Little boy’s enthusiasm to see the elephants nearly killed him.

It was an escapade most children dream of.

Scrambling over the wall separating Auckland Zoo's elephant enclosure from the public, young Mike Duthie was breathlessly close to having a private encounter with the huge mammal.

It was 1995, Duthie was 4 years old, and keen to get a better view of the elephants while his dad's back was turned.

But excitement turned to terror when he plummeted 4m into the enclosure, landing near a moat.


It's not a story Duthie tells often - "In the right circumstances I'll pull it out"- but he is divulging the tale for Starship children's hospital's 25-year birthday celebrations, which culminated this week.

A spokesperson for Auckland Zoo was reluctant to bestow on Duthie the dubious honour of being the only child to fall into their animal enclosures, but struggled to think of other examples and agreed the escapade was "very unusual".

It was also traumatic.

Upon his landing Duthie cracked his skull on a rock, essentially caving it in, he told the Herald on Sunday.

Now 25, Mike Duthie says he's incredibly grateful to Starship for supporting his recovery.
Now 25, Mike Duthie says he's incredibly grateful to Starship for supporting his recovery.

With spinal fluid leaking out of his ear, zookeepers and Duthie's father leaped into the enclosure to help the boy while ambulances were called.

He was taken to the recently opened Starship Hospital, where he was diagnosed with a brain injury.

The outlook wasn't good. Doctors were unsure if he would walk or talk again.

Duthie was in a coma for a fortnight, and required years of therapy from a clinical psychologist, a speech and language therapist, physiotherapist and occupational health therapist.


His schooling was delayed, but eventually Duthie recuperated, attending school full time by the age of 11 and going on to complete an arts degree.

He now works for Lotto, and says his recall of the fall is foggy. What is a vivid memory, however, is his return to the zoo a year later, where staff provided a behind-the-scenes look at all the enclosures.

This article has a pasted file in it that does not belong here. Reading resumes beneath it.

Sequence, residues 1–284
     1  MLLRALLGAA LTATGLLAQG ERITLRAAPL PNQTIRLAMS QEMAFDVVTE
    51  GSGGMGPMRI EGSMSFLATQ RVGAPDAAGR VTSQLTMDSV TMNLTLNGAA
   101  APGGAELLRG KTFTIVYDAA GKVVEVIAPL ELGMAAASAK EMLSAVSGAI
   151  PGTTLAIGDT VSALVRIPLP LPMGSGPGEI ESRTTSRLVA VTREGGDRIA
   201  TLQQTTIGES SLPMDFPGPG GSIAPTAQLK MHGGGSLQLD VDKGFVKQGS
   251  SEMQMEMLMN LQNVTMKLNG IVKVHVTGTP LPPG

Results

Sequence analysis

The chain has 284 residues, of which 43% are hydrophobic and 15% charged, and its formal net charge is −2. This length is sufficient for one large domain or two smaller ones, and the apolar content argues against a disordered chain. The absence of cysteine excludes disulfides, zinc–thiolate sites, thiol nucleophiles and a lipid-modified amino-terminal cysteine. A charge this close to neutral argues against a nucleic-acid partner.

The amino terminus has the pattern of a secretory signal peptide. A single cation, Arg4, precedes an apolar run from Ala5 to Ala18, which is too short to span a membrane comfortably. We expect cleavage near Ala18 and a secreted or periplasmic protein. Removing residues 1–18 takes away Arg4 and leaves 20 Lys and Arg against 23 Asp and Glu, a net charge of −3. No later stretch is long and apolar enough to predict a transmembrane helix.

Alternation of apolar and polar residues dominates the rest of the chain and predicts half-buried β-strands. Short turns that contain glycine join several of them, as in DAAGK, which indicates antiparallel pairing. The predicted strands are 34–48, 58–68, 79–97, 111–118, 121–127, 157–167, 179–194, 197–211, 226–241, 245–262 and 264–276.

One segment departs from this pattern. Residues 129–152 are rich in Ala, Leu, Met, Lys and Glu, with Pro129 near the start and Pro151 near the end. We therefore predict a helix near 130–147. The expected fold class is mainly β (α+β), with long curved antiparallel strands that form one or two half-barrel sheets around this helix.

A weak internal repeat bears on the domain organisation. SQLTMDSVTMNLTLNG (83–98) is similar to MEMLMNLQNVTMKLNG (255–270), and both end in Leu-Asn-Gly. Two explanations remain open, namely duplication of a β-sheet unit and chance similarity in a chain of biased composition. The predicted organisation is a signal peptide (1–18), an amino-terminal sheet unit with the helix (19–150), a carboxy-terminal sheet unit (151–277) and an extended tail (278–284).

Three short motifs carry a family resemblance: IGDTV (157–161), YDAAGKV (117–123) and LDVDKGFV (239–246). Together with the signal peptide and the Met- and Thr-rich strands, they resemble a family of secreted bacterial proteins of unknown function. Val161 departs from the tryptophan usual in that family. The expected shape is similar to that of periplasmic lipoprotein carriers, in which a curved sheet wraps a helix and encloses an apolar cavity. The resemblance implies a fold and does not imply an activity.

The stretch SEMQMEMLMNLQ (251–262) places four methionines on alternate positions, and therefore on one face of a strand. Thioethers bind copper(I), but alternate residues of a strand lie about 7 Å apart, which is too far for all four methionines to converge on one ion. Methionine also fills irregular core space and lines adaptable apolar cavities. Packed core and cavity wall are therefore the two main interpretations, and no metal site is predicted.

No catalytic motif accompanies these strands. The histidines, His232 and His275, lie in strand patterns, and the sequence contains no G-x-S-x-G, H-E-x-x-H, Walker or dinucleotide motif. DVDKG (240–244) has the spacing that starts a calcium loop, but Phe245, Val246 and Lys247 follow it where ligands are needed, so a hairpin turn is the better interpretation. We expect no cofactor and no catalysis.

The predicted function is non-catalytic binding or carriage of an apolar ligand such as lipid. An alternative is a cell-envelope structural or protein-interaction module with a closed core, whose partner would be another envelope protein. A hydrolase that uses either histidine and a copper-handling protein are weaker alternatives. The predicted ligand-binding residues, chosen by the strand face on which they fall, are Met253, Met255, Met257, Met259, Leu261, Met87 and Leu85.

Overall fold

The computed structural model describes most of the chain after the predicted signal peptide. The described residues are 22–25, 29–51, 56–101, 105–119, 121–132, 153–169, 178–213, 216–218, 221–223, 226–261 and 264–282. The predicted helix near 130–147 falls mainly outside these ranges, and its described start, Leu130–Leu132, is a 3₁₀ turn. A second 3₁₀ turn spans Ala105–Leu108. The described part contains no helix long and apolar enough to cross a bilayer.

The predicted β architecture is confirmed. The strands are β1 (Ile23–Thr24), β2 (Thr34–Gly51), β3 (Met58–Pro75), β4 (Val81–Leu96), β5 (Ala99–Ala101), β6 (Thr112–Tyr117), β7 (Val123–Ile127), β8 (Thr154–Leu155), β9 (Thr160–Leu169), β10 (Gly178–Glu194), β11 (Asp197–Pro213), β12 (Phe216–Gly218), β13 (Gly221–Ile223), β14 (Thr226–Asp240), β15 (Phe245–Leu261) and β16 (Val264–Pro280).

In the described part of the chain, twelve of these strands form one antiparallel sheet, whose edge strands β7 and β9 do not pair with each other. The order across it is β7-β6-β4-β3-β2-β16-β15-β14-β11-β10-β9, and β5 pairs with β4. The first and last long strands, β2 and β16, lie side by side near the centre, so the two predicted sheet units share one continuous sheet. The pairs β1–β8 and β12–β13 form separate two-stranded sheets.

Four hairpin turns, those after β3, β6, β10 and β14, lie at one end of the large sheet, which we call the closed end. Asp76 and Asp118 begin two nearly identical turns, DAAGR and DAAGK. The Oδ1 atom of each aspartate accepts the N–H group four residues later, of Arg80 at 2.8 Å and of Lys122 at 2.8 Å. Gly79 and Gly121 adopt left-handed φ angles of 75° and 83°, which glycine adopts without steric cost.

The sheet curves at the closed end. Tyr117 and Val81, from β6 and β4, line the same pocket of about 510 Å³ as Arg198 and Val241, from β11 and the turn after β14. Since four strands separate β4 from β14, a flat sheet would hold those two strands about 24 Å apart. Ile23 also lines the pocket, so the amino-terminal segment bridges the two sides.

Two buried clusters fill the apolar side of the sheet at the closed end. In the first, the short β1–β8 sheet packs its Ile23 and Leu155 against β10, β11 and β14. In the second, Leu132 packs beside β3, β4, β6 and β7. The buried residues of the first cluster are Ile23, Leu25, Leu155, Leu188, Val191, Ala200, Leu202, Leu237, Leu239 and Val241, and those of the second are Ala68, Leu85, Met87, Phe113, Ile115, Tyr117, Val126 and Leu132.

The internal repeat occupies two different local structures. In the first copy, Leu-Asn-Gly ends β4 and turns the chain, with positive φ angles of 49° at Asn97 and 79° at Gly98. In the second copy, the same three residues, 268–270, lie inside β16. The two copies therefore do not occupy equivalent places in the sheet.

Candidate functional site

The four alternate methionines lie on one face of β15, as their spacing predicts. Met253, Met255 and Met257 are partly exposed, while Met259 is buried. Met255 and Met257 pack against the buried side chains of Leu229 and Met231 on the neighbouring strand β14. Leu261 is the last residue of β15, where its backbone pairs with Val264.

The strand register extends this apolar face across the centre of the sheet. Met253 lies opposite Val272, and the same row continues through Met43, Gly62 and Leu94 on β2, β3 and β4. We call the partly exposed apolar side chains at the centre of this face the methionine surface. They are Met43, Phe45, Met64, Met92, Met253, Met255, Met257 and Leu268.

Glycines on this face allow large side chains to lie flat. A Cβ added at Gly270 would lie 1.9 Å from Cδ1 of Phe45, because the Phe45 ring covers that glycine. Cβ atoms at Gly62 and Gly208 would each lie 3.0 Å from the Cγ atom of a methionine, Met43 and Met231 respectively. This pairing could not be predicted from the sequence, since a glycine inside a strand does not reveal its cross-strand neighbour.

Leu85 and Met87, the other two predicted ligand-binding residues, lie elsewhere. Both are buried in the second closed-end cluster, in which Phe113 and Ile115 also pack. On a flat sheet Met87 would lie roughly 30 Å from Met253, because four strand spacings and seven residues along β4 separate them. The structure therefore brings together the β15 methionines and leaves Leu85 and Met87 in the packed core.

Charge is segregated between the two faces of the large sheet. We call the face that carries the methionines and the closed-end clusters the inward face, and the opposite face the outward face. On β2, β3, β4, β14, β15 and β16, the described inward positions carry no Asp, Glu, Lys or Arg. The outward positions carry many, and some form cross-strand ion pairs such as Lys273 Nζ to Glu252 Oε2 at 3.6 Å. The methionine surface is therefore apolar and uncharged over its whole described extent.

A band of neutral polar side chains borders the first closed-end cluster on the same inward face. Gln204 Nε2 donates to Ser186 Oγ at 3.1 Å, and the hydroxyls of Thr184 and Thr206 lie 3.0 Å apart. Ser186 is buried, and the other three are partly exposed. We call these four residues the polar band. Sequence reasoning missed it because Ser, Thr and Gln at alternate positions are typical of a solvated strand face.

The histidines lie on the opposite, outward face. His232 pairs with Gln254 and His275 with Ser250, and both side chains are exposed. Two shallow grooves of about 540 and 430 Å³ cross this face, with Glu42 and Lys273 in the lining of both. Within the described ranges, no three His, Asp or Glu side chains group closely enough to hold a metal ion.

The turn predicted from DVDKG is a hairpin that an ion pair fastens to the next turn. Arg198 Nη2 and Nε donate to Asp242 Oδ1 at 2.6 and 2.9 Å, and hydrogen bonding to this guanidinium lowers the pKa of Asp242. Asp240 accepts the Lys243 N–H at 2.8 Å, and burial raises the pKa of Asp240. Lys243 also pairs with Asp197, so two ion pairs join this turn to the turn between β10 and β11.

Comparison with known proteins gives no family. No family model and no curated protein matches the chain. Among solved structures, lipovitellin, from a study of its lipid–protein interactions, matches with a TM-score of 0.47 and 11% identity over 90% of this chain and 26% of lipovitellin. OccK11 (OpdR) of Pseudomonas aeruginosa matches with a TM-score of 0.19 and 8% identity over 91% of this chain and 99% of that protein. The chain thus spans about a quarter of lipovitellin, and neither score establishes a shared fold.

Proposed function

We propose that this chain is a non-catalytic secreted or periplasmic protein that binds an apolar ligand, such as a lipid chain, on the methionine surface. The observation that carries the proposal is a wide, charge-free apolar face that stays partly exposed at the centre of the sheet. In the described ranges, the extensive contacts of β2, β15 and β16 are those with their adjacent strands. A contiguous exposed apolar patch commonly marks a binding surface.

Finally, Duthie was able to meet the elephants.

"I was not fearful at all, being as inquisitive and adventurous as I was," Duthie says.

"By then I had to wear a helmet basically whenever I was outside, just in case I hit my head again."

Duthie knows he's lucky compared to other "harrowing" cases where children have fallen into enclosures.

Last year in the United States a 3-year-old fell into a gorilla enclosure at Cincinnati Zoo, prompting zookeepers to shoot the gorilla to save the boy. And in 2012 a 2-year-old died after falling into the wild African dogs enclosure in Pennsylvania.

Duthie says he's "incredibly grateful" to the hospital's staff who cared for him during his recuperation.

"I'd just like to make a point about how amazing the staff there are. I was incredibly well cared for. A lot of what they do there goes unsung, and it really shouldn't. They're real heroes."

Saturday marked the end of the year-long celebrations Starship Hospital and Starship Foundation held for its 25th birthday, including a special Through the Looking Glass ball at Spark Arena, sponsored by Barfoot & Thompson, which raised more than $530,000 for Starship initiatives.

Starship Foundation chief executive Brad Clark said the funds would be used for research, advancing their medical technology, facilities and staff training.

Last year Starship, which sees patients ranging from premature babies to teenagers, had 125,359 patient visits, and cared for 1200 children in intensive care.

Opened in November 1992, the hospital was the country's first built specifically for children and young people, and was named after the design of the building.

Highlights over the years include the opening of a renovated haematology and oncology ward in 2009, and the refurbishment of its neuroservices and medical specialty wards in 2013. In 2015 it upgraded its operating rooms.

Thanking Barfoot & Thompson, Clark said the celebrations raised a "phenomenal" amount for the hospital. "[It] set us on the path to a brighter, healthier future for New Zealand's children."